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Text by Euno Lee

The Spring Arcade in Downtown Los Angeles is quickly earning a reputation for having practical and delicious fare; for one, there’s the all-diets-welcome Blu Jam Cafe, where the vegetarian-friendly crunchy french toast is already the stuff of LA legend, and Gelateria Uli slings some of the most popular gelato and soft serve in the city. Walk deeper under the corridor of light strings, though, and you’ll find a Hong Kong-style char siu (barbecue pork) that’s been four cities, three generations and one hungry couple in the making.

Leo and Lydia Lee are the husband-and-wife duo behind RiceBox, a Cantonese-style comfort food concept that’s all set to give Hong Kong-style barbecue a second-generation update — to some marvelous results. As for where it began: Lydia’s grandfather owned a Cantonese barbecue restaurant in Central Hong Kong for 40 years, and Leo’s family owned a Chinese restaurant in Mexico. The two moved to Los Angeles, home to one of the most competitive markets for Chinese cuisine in the United States. However, even with the stunning breadth of regionally focused Chinese restaurants in the San Gabriel Valley, Leo and Lydia had trouble finding a proper Cantonese barbecue. So Lydia handed her grandfather’s recipe for char siu to Leo — who quickly went to experimenting with the dish.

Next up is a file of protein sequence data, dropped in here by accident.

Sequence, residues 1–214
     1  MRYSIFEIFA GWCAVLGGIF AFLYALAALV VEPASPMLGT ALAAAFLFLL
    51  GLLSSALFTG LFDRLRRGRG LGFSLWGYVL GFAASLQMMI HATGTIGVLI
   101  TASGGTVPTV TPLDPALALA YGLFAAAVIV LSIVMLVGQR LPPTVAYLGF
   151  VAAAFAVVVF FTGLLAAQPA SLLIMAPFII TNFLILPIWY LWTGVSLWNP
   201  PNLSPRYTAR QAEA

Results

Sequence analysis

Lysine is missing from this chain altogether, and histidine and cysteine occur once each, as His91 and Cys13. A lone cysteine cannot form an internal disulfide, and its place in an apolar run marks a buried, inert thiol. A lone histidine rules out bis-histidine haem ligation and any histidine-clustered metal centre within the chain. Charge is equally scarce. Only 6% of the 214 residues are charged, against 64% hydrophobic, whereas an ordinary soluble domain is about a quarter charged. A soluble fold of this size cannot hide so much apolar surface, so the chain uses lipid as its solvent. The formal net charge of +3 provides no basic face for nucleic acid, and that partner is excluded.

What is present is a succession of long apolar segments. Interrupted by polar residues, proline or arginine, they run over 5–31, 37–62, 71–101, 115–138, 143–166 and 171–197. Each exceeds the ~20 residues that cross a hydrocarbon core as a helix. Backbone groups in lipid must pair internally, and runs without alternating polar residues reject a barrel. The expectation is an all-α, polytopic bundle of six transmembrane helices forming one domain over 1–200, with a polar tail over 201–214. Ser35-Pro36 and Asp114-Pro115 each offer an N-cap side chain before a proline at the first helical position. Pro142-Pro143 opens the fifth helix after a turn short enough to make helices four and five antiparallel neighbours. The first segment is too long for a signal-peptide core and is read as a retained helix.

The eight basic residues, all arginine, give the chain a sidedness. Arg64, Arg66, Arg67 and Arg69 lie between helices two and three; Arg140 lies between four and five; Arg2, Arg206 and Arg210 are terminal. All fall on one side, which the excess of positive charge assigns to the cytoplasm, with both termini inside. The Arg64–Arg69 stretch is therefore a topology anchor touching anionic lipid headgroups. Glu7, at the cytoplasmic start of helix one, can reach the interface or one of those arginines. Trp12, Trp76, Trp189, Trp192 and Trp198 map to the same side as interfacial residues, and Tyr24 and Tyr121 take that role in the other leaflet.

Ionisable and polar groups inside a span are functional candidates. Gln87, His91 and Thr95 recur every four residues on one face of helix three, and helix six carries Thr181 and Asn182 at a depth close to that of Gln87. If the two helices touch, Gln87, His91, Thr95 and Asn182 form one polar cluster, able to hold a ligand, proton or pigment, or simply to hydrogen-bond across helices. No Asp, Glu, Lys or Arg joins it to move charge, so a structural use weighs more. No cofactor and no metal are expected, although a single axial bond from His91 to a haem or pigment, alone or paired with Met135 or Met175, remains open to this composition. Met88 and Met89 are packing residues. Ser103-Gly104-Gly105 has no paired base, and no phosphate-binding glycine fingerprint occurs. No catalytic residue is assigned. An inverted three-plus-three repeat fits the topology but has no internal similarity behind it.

Even with a recipe in hand, conventional wisdom says one should never go into business with your friends and family. But Leo and Lydia are both at the storefront, and they seem to be already running the business with a comfortable command of their roles. Lydia’s warm and engaging personality hits diners at the cash register, while Leo deftly cleaves a side of char siu or blistering, crackly porchetta into uniform slices. His focus is intense, working in silence.

“My mind’s so busy in the kitchen, that I don’t have time to worry about the other aspects,” Leo said. “I might be tired working from 4 a.m. in the morning, until whatever time… Lydia can pick up and talk to people and sell our product better.”

Another element of a successful business that comes naturally in marriage is candid communication. Lydia acts as a form of quality control for Leo’s work. It was her grandfather’s recipe for char siu, after all, so she’s the best acquainted with the flavors and textures that need to be imparted by the barbecued pork.

One of the more modern solutions being employed by Leo involves holding vacuum-sealed char siu in a sous vide water bath. The vacuum sealing and precision of temperature afforded by a proper sous vide circulator allows Leo to hold char siu at a proper temperature without losing moisture. It’s a bit of a hack that helps set the char siu at RiceBox apart from the drier, jerky-like renditions available at some of the more traditional char siu available in the city.

The husband-and-wife synergy that gave birth to RiceBox is catalyzed day-in, day-out by Leo and Lydia’s shared love for Cantonese barbecue. It’s only fitting that their brainchild, a so-simple-it’s-genius dish of rice, seasonal vegetables, pickles and a one-of-a-kind char siu, is something everyone in Los Angeles can love — together.


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This article appears in Spring 2019 issue of Chanintr Living Download full issue

Or explore the entire library Visit the Chanintr Living Archive

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